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Prime Minister Hun Sen Urges Doctors to Improve Their Attitude


A Cambodian doctor checks blood pressure of patients at Preah Kossamak Hospital in Phnom Penh, Cambodia, file photo. (AP Photo/Sakchai Lalit)

A Cambodian doctor checks blood pressure of patients at Preah Kossamak Hospital in Phnom Penh, Cambodia, file photo. (AP Photo/Sakchai Lalit)

In his speech, Hun Sen pointed to the lack of specialized doctors in Cambodia, which he said was the reason many people go overseas for treatment.

Prime Minister Hun Sen on Thursday acknowledged that there were problems with healthcare provision in Cambodia, but fell short of admitting that the country’s health system was deficient.

Speaking during the closing ceremony of the Ministry of Health’s annual conference, the premier focused on the attitudes of doctors towards patients. He appealed to doctors to adjust their attitudes and reflect on their own morals, which he said was the main issue casting the healthcare sector in a negative light.

“We acknowledged the shortcomings and the use of bad words by some doctors, but not in terms of the healthcare sector as a whole,” Hun Sen said. “Therefore, we must change that attitude. It is easy to stop using rough language compared to addressing the shortage of medicine, which is a harder issue.”

Hun Sen insisted, however, that there was only a problem with a small number of doctors. He also ordered healthcare institutions to treat people without discrimination, regardless the patient’s income.

Hun Sen’s comments come after harsh criticism and public discussions in relation to the confidence of the Cambodian people in the healthcare sector. Some have questioned the ethics of Cambodian doctors, who often impose high costs on patients for treatments.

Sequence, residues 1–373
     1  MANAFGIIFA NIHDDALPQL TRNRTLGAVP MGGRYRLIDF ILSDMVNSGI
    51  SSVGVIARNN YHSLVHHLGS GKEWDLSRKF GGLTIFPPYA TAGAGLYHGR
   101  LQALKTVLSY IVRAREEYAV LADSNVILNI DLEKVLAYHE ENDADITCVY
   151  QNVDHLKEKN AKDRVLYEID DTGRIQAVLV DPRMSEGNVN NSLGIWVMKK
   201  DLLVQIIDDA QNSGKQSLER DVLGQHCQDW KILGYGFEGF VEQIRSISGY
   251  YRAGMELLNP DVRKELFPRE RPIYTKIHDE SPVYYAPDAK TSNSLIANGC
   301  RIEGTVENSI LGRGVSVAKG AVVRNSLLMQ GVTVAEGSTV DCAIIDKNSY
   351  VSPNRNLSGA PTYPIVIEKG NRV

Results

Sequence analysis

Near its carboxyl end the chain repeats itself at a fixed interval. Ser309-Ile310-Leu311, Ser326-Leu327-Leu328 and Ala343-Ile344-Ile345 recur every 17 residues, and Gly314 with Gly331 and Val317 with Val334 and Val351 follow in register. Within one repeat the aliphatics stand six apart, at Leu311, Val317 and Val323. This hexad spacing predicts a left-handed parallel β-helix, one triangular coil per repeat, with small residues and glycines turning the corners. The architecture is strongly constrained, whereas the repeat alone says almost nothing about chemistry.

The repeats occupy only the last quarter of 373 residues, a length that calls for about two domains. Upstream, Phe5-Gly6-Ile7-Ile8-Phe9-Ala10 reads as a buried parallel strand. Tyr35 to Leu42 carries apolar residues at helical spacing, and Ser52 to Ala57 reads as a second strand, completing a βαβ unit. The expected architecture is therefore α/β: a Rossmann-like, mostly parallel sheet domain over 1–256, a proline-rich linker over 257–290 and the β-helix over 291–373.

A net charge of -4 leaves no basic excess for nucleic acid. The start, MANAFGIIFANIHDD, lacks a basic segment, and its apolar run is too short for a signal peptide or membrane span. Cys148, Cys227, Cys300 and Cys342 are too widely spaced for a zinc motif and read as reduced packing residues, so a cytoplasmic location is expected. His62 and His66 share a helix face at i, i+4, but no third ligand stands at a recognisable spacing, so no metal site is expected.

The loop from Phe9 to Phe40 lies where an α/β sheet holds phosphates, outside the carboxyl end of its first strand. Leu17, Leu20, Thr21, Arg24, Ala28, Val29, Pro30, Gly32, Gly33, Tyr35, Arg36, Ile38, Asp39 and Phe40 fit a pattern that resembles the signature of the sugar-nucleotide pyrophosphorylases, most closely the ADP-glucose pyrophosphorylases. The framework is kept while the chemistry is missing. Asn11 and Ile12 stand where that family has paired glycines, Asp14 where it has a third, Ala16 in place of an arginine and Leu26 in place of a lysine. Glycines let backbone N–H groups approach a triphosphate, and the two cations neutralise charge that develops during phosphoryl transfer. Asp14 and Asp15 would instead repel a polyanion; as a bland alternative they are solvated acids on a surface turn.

Quach Mengly, a Cambodian-American medical doctor and businessman, praised the prime minister’s statement and said some progress was being made. But the long-term critic of healthcare provision in Cambodia told VOA Khmer that much more work needed to be done.

“This is just a starting point of a wake-up call. Hence, we can’t expect anything special to happen anytime soon,” he said. “However, we still have the belief that there will be a change of attitude from those who serve in the healthcare sector. At least it comes from the mouth of Prime Minister Hun Sen, who acknowledges the shortcomings.”

A lack of confidence in domestic health services means wealthy Cambodians usually go overseas for treatment, visiting hospitals in Thailand, Vietnam or Singapore, where Hun Sen himself received a checkup recently, according to a post on his Facebook page.

In his speech, Hun Sen pointed to the lack of specialized doctors in Cambodia, which he said was the reason many people go overseas for treatment. He ordered the Ministry of Health to include specialized doctors under the age of 35 in the category of government officials.

“We really need specialized doctors. Due to this lack [of specialized doctors] we often send patients for treatment overseas,” he said.

Mengly countered that only deep and effective reforms in the healthcare sector would attract Cambodians to be get treatment domestically.

“Like I said, we have just started to reform. So I don’t think that it could change the people’s mentality for them to return home for treatment anytime soon,” he said. “However, if the reform keeps on, I believe that there will be much progress and new development in the sector. At that point, we don’t need to force them to return. They will return by themselves.”

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